Upregulating positive affect through compassion: Psychological and physiological evidence

Publikation: Beitrag in FachzeitschriftForschungsartikelBeigetragenBegutachtung


Positive emotion regulation, that is, upregulating, maintaining, and savoring positive emotions, also bears the potential to counteract and thus mitigate negative affect. In this narrative review, we report on the social emotion of compassion as a particularly efficient form of positive emotion regulation. Compassion emerges as an affiliative response to the suffering of others. It is characterized by feelings of warmth and kindness and an initiation of prosocial caring behavior towards others. The inherent positivity of compassion is also in line with its related neural correlates. Compassion is associated with activity in the ventral striatum, the (subgenual) anterior cingulate cortex, and the orbitofrontal cortex, brain regions related to strong positive emotions, such as romantic and maternal love. In addition to its long tradition in Eastern philosophy, the practice of compassion has in recent years found its way into interventions in Western psychology, for example, within compassion-focused therapy. Recent findings confirm that affect-related mental training promoting compassion is also linked to functional and structural changes in neural networks associated with positive emotions and emotion regulation. This compassion-related plasticity in the neural systems of positive emotion regulation suggests that incorporating compassion into psychological interventions could prove to be a particularly effective way to support positive emotion regulation.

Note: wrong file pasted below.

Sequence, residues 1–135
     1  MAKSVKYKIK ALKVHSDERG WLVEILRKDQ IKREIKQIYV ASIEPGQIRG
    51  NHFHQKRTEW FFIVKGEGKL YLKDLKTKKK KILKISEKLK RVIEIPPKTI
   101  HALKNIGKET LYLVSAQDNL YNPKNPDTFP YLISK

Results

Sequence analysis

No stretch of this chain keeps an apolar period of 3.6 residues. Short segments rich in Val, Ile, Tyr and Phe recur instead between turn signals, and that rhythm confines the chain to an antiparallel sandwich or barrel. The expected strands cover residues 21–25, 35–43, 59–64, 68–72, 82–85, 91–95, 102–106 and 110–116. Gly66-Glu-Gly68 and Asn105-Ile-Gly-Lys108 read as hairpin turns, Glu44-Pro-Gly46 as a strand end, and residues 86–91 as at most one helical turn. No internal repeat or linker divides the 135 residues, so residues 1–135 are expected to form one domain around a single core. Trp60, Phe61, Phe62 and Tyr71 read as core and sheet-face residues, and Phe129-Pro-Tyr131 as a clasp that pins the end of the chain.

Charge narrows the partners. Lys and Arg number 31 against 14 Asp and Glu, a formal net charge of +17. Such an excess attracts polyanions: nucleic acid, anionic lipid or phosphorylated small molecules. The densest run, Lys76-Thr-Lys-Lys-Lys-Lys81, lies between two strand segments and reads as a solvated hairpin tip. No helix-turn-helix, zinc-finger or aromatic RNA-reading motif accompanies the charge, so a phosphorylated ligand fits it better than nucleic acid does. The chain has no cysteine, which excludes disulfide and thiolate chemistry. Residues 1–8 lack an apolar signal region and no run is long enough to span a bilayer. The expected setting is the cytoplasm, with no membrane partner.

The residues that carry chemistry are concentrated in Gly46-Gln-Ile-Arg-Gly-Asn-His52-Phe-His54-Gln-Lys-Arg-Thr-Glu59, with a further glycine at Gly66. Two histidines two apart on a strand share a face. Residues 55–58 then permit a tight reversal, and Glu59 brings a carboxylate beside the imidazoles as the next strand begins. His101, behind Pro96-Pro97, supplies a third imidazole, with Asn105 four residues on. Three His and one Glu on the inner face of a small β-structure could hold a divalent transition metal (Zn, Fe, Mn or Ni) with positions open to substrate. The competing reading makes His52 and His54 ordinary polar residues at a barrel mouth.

Seiten (von - bis)100-107
FachzeitschriftInternational Journal of Psychophysiology
PublikationsstatusVeröffentlicht - 1 Juni 2022

Externe IDs

Scopus 85127478626
unpaywall 10.1016/j.ijpsycho.2022.03.009
Mendeley 34fbc2df-2de7-36dc-9c20-47636062d2e9



  • Neuroimaging, Heart rate variability, Cortisol, Social isolation, Narcissism, Positive emotion regulation